If you can automate the loading of products onto machining equipment, that must also be possible for the welding production.

If you can automate the loading of products onto machining equipment, that must also be possible for the welding production. That was the underlying idea when Valk Welding, working in partnership with Marel Stork Poultry Processing, developed a production cell in which the handling and logistics surrounding the welding robot are automated. The result is a welding production cell that produces completely continuously, is entirely designed for one piece flow production and yields a substantial saving in manpower.

The smaller components (up to 500 x 500 mm) for the poultry processing machinery of Marel Stork Poultry Processing are manufactured at the production establishment of Marel Stork in Dongen, and since recently a number of components have also been assembled into sub-assemblies there. The products are fully developed and finished at the main establishment in Boxmeer. Industrial Engineer André Kouwenberg: "There has always been a lot of technical know-how in Dongen (Stork PMT), which is extremely valuable to us." The technical know-how is reflected in the drive to always be the first to adopt new production technology. Marel Stork Poultry processing became involved in welding robotisation at an early stage, and in 1996 was one of the first users of Panasonic's offline programming system DTPS. This was also Valk Welding's first customer for a welding robot with the Arc-Eye laser sensor.

Continuous workflow in new production concept

Marel Stork Poultry Processing, which builds their machines to order, plans to use the new cell to facilitate a continuous workflow in production. André Kouwenberg: "That means that we will produce as little as possible in batches, but will instead place the entire process from laser cutting, welding and milling in a single flow. If for example we need 20 components, we won't wait until all 20 are ready but will send each completed product straight to the milling department. That actually amounts to working according to the Quick Response Manufacturing principle, which we have 'borrowed' from car manufacturers. Each part has to be processed directly without creating any dead time and the delivery times are kept as short as possible."

Handling robot operates welding robot with 2 workstations

In the new production cell parts are clamped onto pallet carriers and stored in one of the 58 pallet positions in the warehouse. When a part is to be welded a handling robot (Panasonic HS-165) collects the pallet in question from the warehouse and mounts it on one of the two workstations of the welding robot (Panasonic TA 1600). While the welding robot is welding the component, the next pallet is changed on the other workstation. As soon as a pallet has been welded with one or more components, the handling robot places it back in the warehouse. "The cell contains 58 jig carriers with a total of 240 different jigs. By creating the right combinations between fast and slow movers you achieve the right production balance to maintain a continuous workflow, explains André Kouwenberg.

Complete cell instead of 2 standard cells

Valk Welding was also able to meet Marel Stork Poultry Processing's requirement for 2 standard cells. Valk Weldings sales manager Cees Wierenga: "But that still calls for extra manpower to convert the clamps and place the products in the two cells. The fully automated cell is 'operated' by a single operator who takes the parts to be welded in and out of the pallet carriers outside of the cell in an input/output location. André Kouwenberg: "For that reason we used a simulation process to compare the yields of both processes. This showed that the process in one complete cell could be operated by just one person per shift. This gave us the green light to go for our aim of achieving a continuous workflow.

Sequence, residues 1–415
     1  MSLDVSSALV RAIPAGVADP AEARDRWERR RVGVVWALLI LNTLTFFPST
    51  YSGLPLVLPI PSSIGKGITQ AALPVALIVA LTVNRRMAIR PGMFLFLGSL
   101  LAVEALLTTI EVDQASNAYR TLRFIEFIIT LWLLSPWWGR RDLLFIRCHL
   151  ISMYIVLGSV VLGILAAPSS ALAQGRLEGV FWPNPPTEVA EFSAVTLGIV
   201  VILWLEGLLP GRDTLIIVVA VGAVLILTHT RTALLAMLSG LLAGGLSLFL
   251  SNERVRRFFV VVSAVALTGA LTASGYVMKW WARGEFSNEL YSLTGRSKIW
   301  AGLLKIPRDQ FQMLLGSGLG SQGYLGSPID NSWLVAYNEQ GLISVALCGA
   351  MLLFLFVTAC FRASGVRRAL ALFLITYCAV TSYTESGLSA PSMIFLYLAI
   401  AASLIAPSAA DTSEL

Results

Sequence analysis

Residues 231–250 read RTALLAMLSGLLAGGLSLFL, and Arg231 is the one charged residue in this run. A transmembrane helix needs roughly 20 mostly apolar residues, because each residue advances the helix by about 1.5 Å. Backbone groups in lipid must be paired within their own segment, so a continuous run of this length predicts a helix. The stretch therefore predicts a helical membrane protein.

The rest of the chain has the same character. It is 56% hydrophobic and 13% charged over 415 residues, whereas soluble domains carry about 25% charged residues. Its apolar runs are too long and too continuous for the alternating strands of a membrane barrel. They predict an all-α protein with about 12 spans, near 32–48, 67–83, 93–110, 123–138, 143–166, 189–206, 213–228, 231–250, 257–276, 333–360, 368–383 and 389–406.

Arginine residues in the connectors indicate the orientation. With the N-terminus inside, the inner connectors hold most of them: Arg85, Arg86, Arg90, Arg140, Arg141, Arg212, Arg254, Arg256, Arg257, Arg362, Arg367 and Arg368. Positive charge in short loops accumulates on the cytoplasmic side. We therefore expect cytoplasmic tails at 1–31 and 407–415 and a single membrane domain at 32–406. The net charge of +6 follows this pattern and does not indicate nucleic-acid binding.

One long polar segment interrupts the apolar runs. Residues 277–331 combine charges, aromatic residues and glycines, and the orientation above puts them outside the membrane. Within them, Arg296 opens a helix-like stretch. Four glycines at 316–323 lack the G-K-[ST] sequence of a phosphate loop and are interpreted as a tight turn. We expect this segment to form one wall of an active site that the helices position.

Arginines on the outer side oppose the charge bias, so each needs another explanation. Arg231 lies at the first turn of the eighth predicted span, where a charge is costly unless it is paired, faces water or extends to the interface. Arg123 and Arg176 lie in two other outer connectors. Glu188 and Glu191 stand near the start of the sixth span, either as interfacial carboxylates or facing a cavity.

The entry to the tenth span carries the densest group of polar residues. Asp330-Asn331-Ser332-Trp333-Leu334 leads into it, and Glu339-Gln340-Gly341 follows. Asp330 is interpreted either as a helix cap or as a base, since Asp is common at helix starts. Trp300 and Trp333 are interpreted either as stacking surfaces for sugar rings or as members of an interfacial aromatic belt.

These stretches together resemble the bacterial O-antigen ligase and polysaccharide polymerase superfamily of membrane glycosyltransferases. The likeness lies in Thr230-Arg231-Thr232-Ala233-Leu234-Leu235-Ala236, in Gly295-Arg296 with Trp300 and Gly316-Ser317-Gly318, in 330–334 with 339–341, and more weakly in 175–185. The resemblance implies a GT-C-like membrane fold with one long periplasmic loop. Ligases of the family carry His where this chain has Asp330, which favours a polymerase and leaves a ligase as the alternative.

Software determines production

The software determines which part is to be welded first. The software advises the operator rather than the other way around. The operator can however interrupt the system if the workflow for a simple part has to be stopped. Cees Wieringa: "For that purpose there is a third workstation at the front of the cell where the operator can insert and take out a component himself. Without that option the system would be too rigid and you would run the risk of the assembly having to wait needlessly for a single part." The software was written entirely by Valk Welding’s software engineers.

Automatic torch change

To ensure that the welding robot can be used with the MIG and TIG welding and TIG with wire feed, Valk Welding has developed a torch change system that is integrated in the cell. In this system the swan neck of the Valk Welding robot torch can be automatically changed without any manual intervention in the production process being required. The pallet carriers manufactured by Marel Stork Poultry Processing are divided into whole, half and quarter measurements. The carriers are equipped with a Schunk clamping connector and are picked up in mirror-image form by the handling robot with the same type of connector.

Full confidence in the supplier

André Kouwenberg: "As early adopters we are usually closely involved in the development of new technology. When it comes to welding Valk Welding and Panasonic incorporate a lot of our feedback in later versions. That open approach and the short lines of communication have resulted in our gaining a lot of confidence in Valk Welding's people over the past 25 years, which is why we were willing to take on the development of the new production cell. There are probably other system integrators that are able to do this, but Valk Welding is increasingly raising its profile in this market with its specific knowledge of welding matters."

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